The clear topline story coming out of Wednesday night’s presidential debate in Las Vegas was Donald Trump’s refusal to commit to accepting the outcome of the upcoming election. Here’s the lead to the AP’s debate recap:
Threatening to upend a fundamental pillar of American democracy, Donald Trump refused to say Wednesday night that he will accept the results of next month’s election if he loses to Hillary Clinton.
Here’s what New York magazine’s Andrew Sullivan wrote:
Politicians and pundits on both sides of the aisle have condemned Trump’s remarks; even the candidate’s stooges have decided to take the approach of just pretending that he didn’t say what he said rather than defending it.
It’s absolutely true that Donald Trump refusing to accept a clear electoral defeat would be petty, selfish, and almost unprecedented. But here’s the question: Why would it matter? Who will care, a month from now, what someone who lost the election by, let’s say, 7 points and 150 electoral votes says about “accepting” the results?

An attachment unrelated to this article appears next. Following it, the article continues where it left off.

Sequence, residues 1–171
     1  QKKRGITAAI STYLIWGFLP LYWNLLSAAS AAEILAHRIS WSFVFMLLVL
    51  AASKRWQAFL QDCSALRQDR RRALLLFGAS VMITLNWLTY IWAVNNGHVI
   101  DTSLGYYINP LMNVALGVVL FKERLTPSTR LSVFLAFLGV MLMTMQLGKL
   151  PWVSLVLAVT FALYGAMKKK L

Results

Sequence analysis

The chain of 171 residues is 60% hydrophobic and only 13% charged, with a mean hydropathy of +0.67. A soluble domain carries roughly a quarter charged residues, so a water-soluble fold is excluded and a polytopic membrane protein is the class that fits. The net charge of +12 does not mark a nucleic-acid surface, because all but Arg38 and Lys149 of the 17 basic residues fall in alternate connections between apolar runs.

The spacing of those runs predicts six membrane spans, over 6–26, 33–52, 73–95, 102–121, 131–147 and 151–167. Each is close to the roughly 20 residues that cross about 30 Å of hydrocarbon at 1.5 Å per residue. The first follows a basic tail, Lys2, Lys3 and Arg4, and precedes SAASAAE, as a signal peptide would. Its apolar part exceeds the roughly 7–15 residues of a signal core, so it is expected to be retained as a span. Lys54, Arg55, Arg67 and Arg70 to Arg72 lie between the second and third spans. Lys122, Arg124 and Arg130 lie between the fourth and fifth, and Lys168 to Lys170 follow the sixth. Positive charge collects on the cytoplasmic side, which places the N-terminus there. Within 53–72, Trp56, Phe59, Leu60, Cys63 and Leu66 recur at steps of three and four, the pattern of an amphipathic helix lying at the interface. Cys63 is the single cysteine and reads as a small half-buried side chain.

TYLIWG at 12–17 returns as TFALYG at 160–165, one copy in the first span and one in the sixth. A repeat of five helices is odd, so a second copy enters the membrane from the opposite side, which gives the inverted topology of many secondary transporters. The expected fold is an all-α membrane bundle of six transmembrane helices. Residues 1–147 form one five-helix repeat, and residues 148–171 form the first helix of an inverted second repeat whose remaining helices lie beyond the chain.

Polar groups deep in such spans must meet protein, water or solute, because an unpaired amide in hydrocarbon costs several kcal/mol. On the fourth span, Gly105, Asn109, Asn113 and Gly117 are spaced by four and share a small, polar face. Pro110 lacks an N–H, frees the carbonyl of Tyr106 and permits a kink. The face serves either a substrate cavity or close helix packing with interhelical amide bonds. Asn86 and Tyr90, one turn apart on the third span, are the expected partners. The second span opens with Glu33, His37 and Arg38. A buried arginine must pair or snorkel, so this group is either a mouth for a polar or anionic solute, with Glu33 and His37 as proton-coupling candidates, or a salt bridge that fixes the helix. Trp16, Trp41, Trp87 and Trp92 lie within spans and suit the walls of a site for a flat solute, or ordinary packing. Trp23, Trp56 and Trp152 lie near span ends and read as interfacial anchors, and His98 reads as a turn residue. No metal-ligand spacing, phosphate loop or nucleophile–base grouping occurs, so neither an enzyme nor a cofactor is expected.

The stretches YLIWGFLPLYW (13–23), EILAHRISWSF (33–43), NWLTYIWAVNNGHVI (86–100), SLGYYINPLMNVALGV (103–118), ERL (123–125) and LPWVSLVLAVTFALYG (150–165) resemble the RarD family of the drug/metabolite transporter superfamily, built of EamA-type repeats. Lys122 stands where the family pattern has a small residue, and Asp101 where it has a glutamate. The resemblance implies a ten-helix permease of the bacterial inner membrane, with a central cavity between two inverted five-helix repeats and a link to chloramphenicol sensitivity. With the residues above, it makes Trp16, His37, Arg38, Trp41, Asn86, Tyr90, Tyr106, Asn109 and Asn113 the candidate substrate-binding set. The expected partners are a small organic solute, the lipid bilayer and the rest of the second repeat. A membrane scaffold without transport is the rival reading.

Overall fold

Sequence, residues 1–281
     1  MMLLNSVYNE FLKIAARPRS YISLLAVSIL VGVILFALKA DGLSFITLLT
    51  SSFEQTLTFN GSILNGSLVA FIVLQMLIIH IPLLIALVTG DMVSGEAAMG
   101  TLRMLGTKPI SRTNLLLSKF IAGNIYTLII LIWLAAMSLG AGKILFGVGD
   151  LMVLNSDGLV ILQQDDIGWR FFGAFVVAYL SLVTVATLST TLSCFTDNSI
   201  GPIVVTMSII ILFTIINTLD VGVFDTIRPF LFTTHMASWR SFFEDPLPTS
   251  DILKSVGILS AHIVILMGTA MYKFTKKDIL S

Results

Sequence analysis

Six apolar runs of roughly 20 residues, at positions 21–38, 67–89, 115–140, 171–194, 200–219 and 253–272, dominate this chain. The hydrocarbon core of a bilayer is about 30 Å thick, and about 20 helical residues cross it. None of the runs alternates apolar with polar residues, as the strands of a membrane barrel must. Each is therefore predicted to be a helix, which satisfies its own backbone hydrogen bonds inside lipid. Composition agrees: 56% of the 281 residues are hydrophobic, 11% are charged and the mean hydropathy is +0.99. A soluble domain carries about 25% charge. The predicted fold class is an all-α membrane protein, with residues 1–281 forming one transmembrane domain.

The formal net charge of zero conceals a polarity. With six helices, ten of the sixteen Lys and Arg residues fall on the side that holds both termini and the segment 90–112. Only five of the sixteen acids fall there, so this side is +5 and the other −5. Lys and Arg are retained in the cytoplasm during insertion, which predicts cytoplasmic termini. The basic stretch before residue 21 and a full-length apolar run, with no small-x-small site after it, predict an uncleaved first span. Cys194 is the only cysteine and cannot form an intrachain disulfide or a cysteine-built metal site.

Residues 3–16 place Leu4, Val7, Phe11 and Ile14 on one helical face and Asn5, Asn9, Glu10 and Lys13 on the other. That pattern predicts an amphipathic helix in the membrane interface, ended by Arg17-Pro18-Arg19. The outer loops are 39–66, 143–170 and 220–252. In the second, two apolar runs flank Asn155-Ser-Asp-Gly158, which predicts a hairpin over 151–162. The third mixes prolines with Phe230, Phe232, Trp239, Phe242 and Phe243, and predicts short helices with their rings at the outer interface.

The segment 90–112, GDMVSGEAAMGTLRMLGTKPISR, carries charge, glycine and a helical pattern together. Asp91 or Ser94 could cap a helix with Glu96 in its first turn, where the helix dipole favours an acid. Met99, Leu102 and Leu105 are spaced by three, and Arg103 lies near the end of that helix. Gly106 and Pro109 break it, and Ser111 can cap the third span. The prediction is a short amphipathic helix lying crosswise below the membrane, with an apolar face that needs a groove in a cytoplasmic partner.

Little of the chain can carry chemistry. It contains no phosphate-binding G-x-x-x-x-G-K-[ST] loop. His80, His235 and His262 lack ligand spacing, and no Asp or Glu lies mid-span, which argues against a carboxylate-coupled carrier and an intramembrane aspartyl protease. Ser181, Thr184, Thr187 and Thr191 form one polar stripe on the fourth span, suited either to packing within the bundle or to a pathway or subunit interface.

The clear majority of Americans won’t care because they will have, by definition, just declared that they are not Donald Trump supporters.
The courts won’t care because, if the margins shake out like they’re currently projected to, there will be no plausible case that the result of the election should be overturned judicially.
Other Republican politicians won’t care because Donald Trump will have just lost an election decisively on their party’s behalf. Politicians are not known for their loyalty to decisively unpopular lost causes, and there will be plenty of other things for them to hassle Hillary Clinton about that don’t involve associating themselves with Mr. Loserman.
Even many Republican voters won’t care: Trump is already significantly less popular among Republicans and Republican-leaning independents (63 percent favorability) than Clinton is among Democrats and Dem-leaning independents (79 percent). That’s not a number that’s going to go up if he goes down.
The only group that will conceivably care what Donald Trump says about the election after it’s over are hardcore Donald Trump supporters—your rally weirdos, your alt-right web hate-speech freaks. It’s very true that it would be irresponsible and despicable if Trump encouraged these people to commit acts of violence in response to “rigged” election results. But failing that, the rest of us can look forward on Nov. 9 to a much-deserved break from having any formal reason to be concerned by the things that are coming out of Donald Trump’s mouth.